In1957, the International Geophysical Year, high on a volcano in Hawaii, Dr Dave Keeling started continuous measurement of carbon dioxide at the Mauna Loa Observatory. The idea behind the observatory was to situate it far away from sources of city pollution, so that scientists could determine the composition of 'unpolluted' or baseline air. Data from Mauna Loa and elsewhere have shown, without doubt, that major greenhouse gases (carbon dioxide, nitrous oxide and methane) have been, and are, continuing to increase in the global atmosphere.
In parallel with these developments, scientists realised that it is possible to recover and analyse air from bubbles trapped in polar ice. Ice core measurements have enabled us to place recent changes in the atmosphere in an historic context. Very precise records are available for the last thousand years, with other records reaching back 200,000 years. The most surprising discovery was that during the last 200,000 years there is an excellent correlation between the atmospheric carbon dioxide concentration and the average temperature. During cold periods there was less CO2. The data do not, of course, explain this correlation.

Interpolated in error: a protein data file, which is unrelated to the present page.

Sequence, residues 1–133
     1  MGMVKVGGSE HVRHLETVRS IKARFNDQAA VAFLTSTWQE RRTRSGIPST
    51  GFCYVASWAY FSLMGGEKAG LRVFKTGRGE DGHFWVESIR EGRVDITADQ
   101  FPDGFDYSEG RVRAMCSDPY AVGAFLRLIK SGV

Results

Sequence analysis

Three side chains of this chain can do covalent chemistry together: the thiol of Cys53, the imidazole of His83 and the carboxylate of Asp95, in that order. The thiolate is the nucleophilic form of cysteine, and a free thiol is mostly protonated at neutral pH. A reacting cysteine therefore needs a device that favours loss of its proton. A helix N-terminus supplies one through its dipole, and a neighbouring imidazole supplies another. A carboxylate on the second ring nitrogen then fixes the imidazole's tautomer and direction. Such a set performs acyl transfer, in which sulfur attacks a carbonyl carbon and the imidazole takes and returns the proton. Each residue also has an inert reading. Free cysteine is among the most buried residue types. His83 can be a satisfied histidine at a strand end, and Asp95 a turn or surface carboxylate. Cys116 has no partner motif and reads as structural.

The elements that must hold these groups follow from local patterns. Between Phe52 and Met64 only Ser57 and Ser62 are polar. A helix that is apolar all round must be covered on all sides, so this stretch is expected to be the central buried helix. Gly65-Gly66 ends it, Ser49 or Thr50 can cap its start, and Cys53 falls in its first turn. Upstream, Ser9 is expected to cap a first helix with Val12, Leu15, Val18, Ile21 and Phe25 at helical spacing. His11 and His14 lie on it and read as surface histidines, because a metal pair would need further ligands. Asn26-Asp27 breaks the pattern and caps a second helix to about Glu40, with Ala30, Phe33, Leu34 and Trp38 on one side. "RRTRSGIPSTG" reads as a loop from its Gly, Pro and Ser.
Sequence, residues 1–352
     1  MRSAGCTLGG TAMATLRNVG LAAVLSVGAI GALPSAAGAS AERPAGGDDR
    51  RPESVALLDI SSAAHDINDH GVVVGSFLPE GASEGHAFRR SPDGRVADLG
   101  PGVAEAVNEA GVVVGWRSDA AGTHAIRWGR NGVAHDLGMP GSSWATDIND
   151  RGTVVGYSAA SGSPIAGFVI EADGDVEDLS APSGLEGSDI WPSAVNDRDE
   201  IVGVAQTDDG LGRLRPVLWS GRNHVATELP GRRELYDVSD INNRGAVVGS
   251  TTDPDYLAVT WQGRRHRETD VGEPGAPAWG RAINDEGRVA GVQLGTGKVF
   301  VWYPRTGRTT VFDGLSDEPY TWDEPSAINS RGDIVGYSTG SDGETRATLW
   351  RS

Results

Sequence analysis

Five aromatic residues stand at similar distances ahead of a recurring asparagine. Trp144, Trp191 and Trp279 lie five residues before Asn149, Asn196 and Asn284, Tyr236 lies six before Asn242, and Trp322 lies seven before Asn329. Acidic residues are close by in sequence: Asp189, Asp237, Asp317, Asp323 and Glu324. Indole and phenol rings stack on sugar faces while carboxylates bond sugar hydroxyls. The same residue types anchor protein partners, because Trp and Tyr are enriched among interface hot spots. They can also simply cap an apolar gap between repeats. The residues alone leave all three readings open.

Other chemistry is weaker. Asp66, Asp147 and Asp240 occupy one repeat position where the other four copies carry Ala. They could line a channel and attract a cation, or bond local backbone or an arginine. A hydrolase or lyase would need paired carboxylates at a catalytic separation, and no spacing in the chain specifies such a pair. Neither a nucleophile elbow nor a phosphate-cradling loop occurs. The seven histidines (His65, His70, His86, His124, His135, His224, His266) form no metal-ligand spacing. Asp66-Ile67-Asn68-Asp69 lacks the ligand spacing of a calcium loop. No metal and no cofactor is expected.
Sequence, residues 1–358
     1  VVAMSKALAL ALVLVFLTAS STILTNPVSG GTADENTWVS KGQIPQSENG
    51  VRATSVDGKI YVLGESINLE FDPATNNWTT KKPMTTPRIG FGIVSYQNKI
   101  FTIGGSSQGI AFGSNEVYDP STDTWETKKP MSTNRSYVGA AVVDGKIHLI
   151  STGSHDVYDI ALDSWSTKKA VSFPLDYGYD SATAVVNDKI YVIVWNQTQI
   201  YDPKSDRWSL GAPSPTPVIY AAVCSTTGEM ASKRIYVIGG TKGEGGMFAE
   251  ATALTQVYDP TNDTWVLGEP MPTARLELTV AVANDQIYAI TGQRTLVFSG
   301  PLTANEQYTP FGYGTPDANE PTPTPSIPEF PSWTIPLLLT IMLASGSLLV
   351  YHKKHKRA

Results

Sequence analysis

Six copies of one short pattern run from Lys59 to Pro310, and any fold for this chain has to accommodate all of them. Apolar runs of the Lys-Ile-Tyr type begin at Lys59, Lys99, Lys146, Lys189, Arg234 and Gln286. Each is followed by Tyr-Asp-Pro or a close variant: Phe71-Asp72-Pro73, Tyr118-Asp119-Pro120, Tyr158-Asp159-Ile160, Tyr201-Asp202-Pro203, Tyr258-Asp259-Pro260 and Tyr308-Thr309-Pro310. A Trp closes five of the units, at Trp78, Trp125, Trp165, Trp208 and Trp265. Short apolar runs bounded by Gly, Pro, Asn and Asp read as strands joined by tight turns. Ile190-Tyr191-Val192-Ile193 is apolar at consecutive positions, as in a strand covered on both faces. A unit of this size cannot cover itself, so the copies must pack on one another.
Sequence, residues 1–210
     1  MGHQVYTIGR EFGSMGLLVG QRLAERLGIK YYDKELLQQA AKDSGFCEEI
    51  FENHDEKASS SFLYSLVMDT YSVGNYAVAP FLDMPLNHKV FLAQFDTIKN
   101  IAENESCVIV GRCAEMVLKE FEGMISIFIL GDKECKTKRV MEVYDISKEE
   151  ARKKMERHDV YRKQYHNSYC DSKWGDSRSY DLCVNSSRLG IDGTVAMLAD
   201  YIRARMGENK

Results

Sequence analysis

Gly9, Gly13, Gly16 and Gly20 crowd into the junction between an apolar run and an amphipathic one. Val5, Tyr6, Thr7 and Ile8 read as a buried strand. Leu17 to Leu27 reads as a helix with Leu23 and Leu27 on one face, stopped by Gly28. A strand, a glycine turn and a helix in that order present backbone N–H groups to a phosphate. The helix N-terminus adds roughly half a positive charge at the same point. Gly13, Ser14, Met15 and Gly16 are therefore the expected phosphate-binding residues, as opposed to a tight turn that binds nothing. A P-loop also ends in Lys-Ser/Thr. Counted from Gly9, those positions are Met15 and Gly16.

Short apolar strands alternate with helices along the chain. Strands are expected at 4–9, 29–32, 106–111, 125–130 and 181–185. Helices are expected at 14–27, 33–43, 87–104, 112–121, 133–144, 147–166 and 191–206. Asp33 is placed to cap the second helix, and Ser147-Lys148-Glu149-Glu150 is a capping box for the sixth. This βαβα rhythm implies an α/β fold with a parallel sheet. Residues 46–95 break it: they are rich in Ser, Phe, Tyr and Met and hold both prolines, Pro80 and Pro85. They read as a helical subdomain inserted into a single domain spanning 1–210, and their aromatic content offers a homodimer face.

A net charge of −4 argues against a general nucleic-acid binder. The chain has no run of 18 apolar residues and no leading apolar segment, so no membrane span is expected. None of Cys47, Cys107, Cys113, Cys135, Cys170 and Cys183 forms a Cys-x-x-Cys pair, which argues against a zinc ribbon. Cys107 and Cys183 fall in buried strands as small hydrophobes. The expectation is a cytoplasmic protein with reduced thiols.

During this century a number of artificial compounds: chlorofluorocarbons (CFCs), hydrofluorocarbons (HFCs), and perfluorocarbons (PFCs), which are also powerful greenhouse gases, have been introduced into the atmosphere.